"The mind which is immortal makes itself
This is Byron's doctrine-his poetic doctrine-of future punishment and future life. A complete statement in four lines of the relativity of all existence except that of the individual soul! As for this life and the ending of it,—
"Old man! 'tis not so difficult to die."
2073-7. For Byron's feeling for night cf. Childe Harold' III, lxxxvi ff. Cf. also his lyric "She walks in Beauty, like the night" (above, p. 296).
207 : 10 ff. With this famous poetical description of the Colosseum compare that in 'Childe Harold' IV, sts. cxxviii-cxxxi. By producing what poetical and dramatic effect is the presence of so long and elaborate a set piece of description in this crucial scene justified?
207 16, 22. the Cæsar's palace. On the Palatine Hill. Cf. 'Childe Harold' IV, cvi-cx,-where also the incident of the owl's cry on the Palatine is mentioned. What other striking points of likeness and of difference are there in the two descriptions?
209: 62-65. Cf. in Shelley's 'Prometheus Unbound' II, iv, 2-7, Panthea's description of Demogorgon:
"I see a mighty darkness
Which passage better conveys the impression of awe and mystery and spiritual majesty, and why?
209: 77. on his brow The thunder-scars are graven. Cf. 'Paradise Lost' I, 600 (the description of Satan):
"but his face Deep scars of thunder had intrenched."
209 81. The genius of this mortal. who had appeared in I, i, 110 ff.
210: 97. this man is forfeited. The Faust-motive. Manfred's answer to this claim, below, line 124. 211 117. Cf. Byron's Heaven and Earth' passim.
211 131. Is its own origin of ill and end-i.e. and end of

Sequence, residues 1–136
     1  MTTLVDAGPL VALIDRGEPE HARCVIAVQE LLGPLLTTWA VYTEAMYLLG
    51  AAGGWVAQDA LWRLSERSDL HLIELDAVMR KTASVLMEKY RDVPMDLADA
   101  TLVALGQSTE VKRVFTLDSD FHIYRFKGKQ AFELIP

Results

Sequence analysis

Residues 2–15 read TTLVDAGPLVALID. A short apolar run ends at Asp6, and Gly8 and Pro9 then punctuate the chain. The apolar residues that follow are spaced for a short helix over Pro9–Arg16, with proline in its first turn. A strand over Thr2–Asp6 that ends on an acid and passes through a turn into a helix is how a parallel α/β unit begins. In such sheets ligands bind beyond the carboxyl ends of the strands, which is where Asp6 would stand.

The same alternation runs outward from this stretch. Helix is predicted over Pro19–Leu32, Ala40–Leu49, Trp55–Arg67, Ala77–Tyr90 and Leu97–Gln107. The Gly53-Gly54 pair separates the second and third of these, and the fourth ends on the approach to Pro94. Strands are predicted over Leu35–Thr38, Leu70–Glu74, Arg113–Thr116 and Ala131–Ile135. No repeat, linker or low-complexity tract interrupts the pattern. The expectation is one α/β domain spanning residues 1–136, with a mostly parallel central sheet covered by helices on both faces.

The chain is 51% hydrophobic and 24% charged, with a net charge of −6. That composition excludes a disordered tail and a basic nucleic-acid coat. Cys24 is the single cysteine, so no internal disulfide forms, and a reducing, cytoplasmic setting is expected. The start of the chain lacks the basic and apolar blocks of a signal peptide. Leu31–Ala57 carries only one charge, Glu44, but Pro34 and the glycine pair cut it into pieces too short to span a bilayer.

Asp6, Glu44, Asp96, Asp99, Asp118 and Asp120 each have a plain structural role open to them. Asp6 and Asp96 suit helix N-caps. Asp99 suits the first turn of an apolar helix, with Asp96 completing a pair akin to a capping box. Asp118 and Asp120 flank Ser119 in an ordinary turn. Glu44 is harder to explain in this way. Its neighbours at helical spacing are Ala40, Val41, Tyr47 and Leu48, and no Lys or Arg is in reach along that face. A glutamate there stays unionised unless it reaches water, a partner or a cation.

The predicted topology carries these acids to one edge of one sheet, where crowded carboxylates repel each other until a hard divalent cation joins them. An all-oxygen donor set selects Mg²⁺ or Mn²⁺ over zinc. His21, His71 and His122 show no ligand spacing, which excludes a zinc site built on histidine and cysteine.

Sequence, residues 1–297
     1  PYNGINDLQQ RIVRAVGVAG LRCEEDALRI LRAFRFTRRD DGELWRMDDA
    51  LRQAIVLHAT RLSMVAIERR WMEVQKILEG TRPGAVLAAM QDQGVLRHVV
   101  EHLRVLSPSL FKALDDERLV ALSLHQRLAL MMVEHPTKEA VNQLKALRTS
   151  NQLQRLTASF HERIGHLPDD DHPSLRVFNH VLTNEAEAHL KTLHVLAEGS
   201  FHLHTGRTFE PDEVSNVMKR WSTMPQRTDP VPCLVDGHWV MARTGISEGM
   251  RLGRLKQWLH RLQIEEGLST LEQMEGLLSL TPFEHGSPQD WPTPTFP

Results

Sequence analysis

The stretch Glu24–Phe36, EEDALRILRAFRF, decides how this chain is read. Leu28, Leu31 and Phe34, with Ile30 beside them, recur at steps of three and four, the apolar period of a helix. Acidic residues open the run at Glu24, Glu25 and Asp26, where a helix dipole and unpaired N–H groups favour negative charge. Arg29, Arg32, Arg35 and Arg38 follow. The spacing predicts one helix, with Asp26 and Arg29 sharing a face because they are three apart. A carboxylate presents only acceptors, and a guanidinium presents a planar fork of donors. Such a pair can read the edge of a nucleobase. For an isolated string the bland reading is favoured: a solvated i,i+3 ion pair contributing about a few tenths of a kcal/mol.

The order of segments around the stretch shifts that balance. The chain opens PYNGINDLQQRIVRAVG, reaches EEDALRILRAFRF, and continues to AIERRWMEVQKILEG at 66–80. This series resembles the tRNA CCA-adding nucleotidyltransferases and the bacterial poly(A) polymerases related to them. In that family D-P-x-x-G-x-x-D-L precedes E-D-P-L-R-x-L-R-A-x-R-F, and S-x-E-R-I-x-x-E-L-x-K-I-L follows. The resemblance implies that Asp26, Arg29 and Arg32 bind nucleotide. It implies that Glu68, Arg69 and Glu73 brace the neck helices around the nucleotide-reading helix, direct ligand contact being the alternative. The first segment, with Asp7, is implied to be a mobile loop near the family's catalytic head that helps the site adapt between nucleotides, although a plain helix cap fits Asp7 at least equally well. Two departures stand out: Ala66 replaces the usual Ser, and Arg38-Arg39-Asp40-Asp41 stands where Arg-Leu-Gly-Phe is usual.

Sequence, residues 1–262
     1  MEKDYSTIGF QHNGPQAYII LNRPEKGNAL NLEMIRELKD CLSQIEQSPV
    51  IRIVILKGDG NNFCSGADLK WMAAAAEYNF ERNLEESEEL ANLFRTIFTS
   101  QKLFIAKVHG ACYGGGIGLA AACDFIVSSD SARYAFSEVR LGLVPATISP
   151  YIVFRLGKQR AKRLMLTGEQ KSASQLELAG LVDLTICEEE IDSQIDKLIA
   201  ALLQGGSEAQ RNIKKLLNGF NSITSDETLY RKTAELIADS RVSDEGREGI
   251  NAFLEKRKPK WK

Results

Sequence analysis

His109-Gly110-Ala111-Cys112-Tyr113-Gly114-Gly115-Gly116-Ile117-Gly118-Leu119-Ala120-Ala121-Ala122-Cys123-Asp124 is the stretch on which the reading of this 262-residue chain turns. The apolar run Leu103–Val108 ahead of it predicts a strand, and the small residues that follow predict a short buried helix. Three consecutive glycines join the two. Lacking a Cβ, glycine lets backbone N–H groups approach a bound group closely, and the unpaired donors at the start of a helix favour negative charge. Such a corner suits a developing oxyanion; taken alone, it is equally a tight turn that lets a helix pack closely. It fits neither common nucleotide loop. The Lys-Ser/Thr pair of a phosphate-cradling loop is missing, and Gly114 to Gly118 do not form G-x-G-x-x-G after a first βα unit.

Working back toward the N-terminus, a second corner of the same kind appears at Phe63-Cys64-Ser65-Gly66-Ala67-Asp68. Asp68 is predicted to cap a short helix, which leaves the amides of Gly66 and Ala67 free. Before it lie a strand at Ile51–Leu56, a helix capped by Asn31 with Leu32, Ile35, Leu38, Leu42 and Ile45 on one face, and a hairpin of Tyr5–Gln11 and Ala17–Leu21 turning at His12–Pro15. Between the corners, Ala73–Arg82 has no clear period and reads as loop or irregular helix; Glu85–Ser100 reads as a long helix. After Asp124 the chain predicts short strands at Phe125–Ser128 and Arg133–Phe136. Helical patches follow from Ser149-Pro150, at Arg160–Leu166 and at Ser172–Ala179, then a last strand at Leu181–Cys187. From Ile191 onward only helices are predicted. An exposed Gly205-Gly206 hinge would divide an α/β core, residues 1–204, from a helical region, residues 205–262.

Hence the same spirit
211: 132. And its own place and time. Possibly a reminiscence of the Kantian doctrine that space and time are but forms of thought. Cf, Cain' II, i, 161.
211 135. Sufferance. Here used in the sense of suffering, misery; as in Shakspere, Lear' III, vi :
"But then the mind much sufferance doth o'erskip,
211:139. and will be My own hereafter, i.e. 'will be my own future-life, my own heaven or hell.'
211 141. The Demons disappear. The key to the whole action. As explained above, the baffling of the spirits of evil,—and by no device or trickery other than the assertion of the indomitable and immortal human will-is the significant variation which Byron introduces into the treatment of the Faust-motive. Cf. the concluding lines of Byron's Prometheus':
"Triumphant where it [the will] dares defy,
212: 151. In the first edition this line was accidentally omitted; whereupon Byron wrote to Murray: "You have destroyed the whole effect and moral of the poem, by omitting the last line of Manfred's speaking."
The ending of the poem is quiet, dignified, and full of intense Byronic sincerity of utterance.